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there's fresh evidence, too, that some people have just had enough. crowd clashes with police at a compound in xian, where they were put in lockdown for 35 days. a couple of men are taken away. assessing the overall impact on people's lives, economic and psychological, is almost impossible. all of this is part of a massive effort to stop a few thousand new covid cases from spreading. and in terms of the official reported case numbers, it seems to be working. china's leader xi jinping hailed the economy's resilience earlier this week, saying he is fully confident about its development. so is zero covid in china the new normal? other small and frequent disruption, but not like a massive shutdown. so for china, it seems to be working. china is still manufacturing
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construction equipment. all these activities can be isolated, so that's why zero covid so far makes sense. but this country has deeper problems to deal with — a huge debt, a faltering property market, as well as the hyper—vigilance against more covid spikes. it's difficult to take a scientific survey, but there does appear to be widespread support for the government's policy on covid. because you get this, it looks quite normal. but no—one knows the answer to the big question. how long will it go on for? i think the epidemic control in shanghai is very good. the government uses big data to quickly trace and control people who are close contacts. the negative impacts of lockdowns are quite bad, people are worried. two years on, the borders here remain all but closed. international flights are at a bare minimum. china's communist party leaders are sticking with their zero—covid promise.
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in the run—up to hosting the olympics, china has shown how far it's willing to go. international mail is the new enemy. authorities in beijing this week claimed a package from canada brought 0micron in. we were in contact with someone in another city who was ordered to stay behind her sealed front door simply after receiving a delivery from abroad. she didn't want us to name her, but she's deeply frustrated. she sent us a text message saying it's good for epidemic control, but it's not a good thing from the human rights perspective. robin brant, bbc news, shanghai. a reminder of our top story. the foreign office says it has uncovered a plot by president putin to install pro—russian leadership in ukraine, amid increasing tension over a possible invasion. moscow has urged the uk to stop "spreading nonsense". you can reach me on twitter —
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i'm @bbcnuala. the normal pattern of january temperatures was turned upside down on saturday — 12 degrees in northern scotland, four in southern england. a little bit of sunshine across parts of north—east england, most places had another cloudy day, and will again for part two of the weekend. despite the cloud, a lot of dry weather around, high pressure close by, exerting its settling influence on our weather. underneath the high pressure and around it, all of this cloud coming in. weather front approaching northern scotland, and as it does so, it will strengthen the wind here, which does mean a mild start after a mild day, but a hint of blue through parts of wales and england, lighter winds and a chance of frost with any clear spells. could be some mist and fog patches developing that will be more reluctant to clear on sunday morning than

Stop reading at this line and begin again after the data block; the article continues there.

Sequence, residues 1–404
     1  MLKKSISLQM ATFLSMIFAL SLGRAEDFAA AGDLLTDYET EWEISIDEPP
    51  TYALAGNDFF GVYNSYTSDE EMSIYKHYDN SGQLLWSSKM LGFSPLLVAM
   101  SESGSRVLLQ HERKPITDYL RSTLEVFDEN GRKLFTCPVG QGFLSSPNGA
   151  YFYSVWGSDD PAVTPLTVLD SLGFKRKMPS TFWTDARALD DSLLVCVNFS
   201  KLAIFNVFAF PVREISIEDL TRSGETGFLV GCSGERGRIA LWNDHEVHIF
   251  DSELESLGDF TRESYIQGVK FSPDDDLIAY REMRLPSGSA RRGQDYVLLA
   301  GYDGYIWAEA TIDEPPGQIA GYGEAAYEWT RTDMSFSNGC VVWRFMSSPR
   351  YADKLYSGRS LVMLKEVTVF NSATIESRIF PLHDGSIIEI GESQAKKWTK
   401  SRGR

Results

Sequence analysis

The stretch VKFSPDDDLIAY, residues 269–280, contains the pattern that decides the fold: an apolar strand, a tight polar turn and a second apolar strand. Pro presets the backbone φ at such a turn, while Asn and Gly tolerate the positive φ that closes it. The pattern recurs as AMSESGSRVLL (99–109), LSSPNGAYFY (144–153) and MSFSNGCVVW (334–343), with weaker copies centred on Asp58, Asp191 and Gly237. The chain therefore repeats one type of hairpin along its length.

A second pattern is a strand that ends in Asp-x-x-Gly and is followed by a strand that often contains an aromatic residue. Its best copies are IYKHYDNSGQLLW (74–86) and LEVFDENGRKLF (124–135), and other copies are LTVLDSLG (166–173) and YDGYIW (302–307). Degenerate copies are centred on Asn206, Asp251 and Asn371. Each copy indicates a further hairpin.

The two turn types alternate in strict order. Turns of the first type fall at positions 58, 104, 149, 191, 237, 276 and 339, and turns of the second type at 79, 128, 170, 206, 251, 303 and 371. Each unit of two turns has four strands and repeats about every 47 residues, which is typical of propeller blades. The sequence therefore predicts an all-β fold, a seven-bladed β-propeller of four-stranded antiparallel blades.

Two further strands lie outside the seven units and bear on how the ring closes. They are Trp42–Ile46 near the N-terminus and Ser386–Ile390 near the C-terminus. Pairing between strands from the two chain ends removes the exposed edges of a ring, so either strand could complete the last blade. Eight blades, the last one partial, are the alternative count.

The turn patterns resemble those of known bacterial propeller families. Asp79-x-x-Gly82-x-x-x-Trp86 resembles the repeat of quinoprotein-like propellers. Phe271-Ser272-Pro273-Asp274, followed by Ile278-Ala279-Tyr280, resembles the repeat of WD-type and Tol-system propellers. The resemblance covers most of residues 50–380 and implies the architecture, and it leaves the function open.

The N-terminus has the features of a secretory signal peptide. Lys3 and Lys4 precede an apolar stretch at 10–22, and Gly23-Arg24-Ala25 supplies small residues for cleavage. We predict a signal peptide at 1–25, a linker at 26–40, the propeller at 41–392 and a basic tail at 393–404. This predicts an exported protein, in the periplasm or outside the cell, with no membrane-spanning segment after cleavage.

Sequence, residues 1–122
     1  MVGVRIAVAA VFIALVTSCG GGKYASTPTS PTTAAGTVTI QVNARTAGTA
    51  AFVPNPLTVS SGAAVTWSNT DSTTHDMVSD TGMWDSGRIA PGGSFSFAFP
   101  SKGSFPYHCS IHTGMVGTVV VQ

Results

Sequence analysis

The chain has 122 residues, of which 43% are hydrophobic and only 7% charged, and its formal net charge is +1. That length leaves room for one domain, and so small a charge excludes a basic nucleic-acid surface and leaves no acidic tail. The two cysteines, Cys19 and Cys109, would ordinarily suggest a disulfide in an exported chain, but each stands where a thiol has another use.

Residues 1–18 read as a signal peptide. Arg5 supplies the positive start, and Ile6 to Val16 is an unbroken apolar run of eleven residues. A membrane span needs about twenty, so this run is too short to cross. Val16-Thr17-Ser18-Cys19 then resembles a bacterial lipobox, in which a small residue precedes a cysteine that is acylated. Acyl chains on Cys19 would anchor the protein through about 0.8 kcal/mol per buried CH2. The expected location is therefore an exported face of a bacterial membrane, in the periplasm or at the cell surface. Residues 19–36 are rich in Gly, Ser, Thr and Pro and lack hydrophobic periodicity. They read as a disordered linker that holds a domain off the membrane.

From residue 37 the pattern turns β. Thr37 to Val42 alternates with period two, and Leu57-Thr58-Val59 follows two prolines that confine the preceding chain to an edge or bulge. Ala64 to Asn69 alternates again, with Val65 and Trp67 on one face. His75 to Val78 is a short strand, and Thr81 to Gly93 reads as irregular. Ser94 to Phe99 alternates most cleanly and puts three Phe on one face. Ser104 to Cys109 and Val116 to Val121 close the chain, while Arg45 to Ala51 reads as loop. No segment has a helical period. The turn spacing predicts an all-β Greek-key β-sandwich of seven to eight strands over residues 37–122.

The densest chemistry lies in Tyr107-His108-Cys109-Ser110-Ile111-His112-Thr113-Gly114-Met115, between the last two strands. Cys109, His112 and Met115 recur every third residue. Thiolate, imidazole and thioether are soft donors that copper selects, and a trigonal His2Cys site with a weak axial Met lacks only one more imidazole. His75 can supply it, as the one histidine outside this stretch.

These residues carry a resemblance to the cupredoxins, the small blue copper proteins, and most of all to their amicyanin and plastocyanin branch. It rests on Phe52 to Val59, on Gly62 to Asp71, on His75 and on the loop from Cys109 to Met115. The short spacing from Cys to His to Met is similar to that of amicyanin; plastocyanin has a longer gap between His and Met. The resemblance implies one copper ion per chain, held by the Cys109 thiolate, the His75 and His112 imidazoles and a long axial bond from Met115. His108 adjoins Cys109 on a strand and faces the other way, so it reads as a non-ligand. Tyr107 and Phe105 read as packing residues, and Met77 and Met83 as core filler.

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they were on saturday. again a lot of cloud around, a few sunny spells, north—east scotland, parts of wales, south—east england, eastern counties of northern ireland most favoured, and elsewhere maybe a few brighter breaks. a breezier day in northern england and northern ireland, especially scotland into the north—west, gales developing in the western isles. another mild day here, temperatures not as high as they have been. probably the lower temperatures around 11—5 degrees, low cloud hangs around all day through parts of central and southern england. 0vernight and into monday, rain turning heavier as that weather front moves into northern scotland where the wind will be easing. dry elsewhere, again a lot of cloud around, with any breaks in the cloud through wales and england, again a touch of frost possible, perhaps a few mist and fog patches. outbreaks of rain, slowly further south into western scotland and northern ireland as we go into monday. barely any rain to register in northern ireland. ahead of that there may be a few sunny spells around, parts of northern england
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and north wales and the midlands, south of that a good deal of cloud, temperatures around 6—9 celsius. by monday evening and night, perhaps a little patchy rain reaching towards northern england. tuesday looking mainly dry, rain moving in scotland and northern ireland on wednesday, sweeping south on wednesday night, weakening as it does so. what that weather front does do is sweep away a lot of the cloud that surrounds at the moment. not much rain moving south, but brighter skies following that system across much of the uk. a bit of breeze on thursday.
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this is bbc news.
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the headlines: britain is accusing russia of planning to install a pro—kremlin leader in ukraine, as fears of an invasion grow. the foreign office in london says a former ukrainian mp is being considered as a potential candidate — along with four others who it says have links to russian intelligence services. islamic state fighters have continued one of their biggest attacks in syria since the group's self—declared caliphate was defeated nearly three years ago. a british—based monitoring group said more than 75 people — most of them jihadists — had been killed in three days of fighting with kurdish—led forces in the northern city of hasakeh. foreign aid is now being distributed in tonga, following last weekend's devastating volcanic eruption and tsunami. the united nations says more than 80% of the population has been affected with almost all crops badly affected by volcanic ash. the un independent expert for protection of gender
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identity has told the bbc that dating apps need to ensure